I was always taught that if you can replace a participle with a pronoun, then you should use the possessive case. So instead of "I saw him eating", because I can substitute "it" and say "I saw it", I should say "I saw his eating." "His eating" is the object here, and it can be moved around as such. For example, I might say "His eating is good," but it would be incorrect to say "Him eating is good." This rule of "Can I substitute ‘it’?" has proven helpful in most cases.
That said, when I come to very long participial phrases, using the possessive can seem awkward. For example, even "I saw him eating a donut" sounds much more natural than "I saw his eating a donut", even though I can still substitute it for the entire phrase and say "I saw it." But if "I saw him eating a donut out on the front lawn yesterday morning with a friend," then it seems even more awkward to use the possessive, even though it still seems more grammatically correct.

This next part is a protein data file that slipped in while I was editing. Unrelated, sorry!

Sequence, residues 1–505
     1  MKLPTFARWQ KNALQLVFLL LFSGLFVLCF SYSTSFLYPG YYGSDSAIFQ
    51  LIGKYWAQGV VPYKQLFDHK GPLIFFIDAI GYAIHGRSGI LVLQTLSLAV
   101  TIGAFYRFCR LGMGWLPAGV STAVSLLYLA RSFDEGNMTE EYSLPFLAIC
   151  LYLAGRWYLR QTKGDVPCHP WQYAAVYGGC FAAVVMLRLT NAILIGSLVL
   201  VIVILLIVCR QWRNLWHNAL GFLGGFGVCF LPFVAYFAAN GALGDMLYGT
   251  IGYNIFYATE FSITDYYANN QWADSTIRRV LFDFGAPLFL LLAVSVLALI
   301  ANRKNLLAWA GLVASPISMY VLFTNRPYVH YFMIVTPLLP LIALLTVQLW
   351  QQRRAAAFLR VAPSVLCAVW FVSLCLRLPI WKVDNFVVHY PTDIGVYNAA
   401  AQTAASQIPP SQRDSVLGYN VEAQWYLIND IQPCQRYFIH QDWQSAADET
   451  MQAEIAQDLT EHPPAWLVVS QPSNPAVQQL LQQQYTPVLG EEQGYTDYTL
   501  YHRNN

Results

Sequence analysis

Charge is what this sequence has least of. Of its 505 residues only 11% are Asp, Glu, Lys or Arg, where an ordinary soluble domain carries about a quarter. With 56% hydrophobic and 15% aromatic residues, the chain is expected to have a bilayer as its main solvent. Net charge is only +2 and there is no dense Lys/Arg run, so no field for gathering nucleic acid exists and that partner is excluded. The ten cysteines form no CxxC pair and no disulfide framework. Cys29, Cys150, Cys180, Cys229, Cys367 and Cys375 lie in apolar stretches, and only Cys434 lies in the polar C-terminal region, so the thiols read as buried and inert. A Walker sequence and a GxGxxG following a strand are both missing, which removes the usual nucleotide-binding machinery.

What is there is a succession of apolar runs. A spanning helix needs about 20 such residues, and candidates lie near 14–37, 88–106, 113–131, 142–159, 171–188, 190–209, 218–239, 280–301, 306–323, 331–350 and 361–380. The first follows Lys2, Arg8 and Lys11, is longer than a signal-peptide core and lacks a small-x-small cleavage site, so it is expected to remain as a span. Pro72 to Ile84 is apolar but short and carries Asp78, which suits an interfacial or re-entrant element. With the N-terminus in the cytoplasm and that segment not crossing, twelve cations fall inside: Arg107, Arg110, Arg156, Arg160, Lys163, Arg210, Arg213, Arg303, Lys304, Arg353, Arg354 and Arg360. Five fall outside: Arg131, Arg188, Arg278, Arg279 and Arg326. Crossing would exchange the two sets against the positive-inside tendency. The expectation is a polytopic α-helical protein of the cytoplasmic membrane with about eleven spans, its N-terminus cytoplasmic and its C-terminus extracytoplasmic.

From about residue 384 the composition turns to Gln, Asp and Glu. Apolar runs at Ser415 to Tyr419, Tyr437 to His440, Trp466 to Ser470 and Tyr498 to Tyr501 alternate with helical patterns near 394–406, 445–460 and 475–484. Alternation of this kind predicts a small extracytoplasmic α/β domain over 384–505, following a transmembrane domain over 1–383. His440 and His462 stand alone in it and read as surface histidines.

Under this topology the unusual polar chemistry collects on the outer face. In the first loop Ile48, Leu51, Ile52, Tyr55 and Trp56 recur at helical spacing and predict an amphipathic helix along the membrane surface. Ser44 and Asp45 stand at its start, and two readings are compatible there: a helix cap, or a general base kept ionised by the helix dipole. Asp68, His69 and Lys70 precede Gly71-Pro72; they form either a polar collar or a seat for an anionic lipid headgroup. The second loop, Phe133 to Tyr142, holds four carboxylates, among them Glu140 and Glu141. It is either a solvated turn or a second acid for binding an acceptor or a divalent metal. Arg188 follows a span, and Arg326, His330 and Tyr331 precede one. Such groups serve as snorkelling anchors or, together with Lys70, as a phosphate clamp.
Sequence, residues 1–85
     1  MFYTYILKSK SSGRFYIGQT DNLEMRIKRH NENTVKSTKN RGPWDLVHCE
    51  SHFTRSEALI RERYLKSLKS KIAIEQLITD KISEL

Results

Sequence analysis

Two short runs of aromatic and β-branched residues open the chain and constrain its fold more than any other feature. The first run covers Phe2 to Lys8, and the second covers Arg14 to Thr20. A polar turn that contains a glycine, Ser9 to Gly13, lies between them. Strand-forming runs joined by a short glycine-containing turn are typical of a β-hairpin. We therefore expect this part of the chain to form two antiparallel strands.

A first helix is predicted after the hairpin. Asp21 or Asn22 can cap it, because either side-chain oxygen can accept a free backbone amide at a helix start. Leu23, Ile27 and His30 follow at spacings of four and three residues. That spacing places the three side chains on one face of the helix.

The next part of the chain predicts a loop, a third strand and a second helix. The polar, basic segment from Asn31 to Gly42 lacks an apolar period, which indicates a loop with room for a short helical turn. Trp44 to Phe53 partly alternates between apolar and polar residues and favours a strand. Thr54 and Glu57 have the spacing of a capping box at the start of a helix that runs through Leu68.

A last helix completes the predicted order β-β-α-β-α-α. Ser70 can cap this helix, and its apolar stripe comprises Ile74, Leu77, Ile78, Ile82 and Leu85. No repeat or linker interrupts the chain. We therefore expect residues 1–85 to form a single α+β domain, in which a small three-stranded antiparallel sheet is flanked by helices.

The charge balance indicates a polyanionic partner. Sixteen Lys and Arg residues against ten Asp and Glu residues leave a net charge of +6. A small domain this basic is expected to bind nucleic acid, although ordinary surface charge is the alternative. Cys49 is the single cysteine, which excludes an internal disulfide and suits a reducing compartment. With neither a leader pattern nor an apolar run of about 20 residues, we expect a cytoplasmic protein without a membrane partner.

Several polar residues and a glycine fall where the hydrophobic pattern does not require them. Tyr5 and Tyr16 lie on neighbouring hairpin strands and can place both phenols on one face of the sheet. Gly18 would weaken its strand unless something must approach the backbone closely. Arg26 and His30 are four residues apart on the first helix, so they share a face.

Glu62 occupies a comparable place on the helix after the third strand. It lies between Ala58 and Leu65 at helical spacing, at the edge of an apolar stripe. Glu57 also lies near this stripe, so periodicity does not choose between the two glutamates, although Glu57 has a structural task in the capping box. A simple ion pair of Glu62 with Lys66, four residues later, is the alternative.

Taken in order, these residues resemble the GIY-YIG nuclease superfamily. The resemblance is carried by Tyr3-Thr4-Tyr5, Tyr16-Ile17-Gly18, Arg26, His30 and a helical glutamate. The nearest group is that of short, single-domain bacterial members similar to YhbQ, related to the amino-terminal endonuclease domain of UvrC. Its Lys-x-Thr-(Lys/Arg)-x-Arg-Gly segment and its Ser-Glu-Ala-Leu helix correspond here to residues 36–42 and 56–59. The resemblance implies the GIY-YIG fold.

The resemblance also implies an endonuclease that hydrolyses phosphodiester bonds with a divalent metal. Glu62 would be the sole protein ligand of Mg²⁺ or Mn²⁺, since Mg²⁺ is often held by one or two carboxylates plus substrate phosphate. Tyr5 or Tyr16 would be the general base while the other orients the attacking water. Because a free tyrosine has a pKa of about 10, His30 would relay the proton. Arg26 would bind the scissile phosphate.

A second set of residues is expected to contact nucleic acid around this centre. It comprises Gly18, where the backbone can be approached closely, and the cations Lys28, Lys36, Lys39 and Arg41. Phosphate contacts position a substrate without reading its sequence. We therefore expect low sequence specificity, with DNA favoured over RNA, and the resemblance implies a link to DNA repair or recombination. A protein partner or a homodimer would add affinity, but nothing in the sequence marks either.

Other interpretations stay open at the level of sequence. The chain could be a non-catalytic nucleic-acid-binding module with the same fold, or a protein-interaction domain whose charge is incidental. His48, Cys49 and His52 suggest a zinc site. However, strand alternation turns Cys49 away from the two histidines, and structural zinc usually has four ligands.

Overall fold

Any thoughts on this? What is the rule? When is it proper to use a possessive in combination with a participial phrase, such that the entire thing acts as an object, and when is it proper to use the phrase to modify the object?
After thinking about this a bit, I’m thinking that maybe it just depends on the focus of the statement. If the action of a person’s eating is my focus, then I would say, "I saw his eating." But if the person is my focus and he also happens to be eating, I would say, "I saw him eating."
The rule here seems to be, "If I can remove the participial phrase and still have the statement make sense, then I should use the objective instead of the possessive." If my focus is "him", then "eating" is just extra info and can be removed, so "I see him eating" would be correct. But if my focus is "eating," then removing it would make the sentence nonsensical, so "I see his eating" would be correct.
So the final answer is, both could be correct, and which should be used depends on context.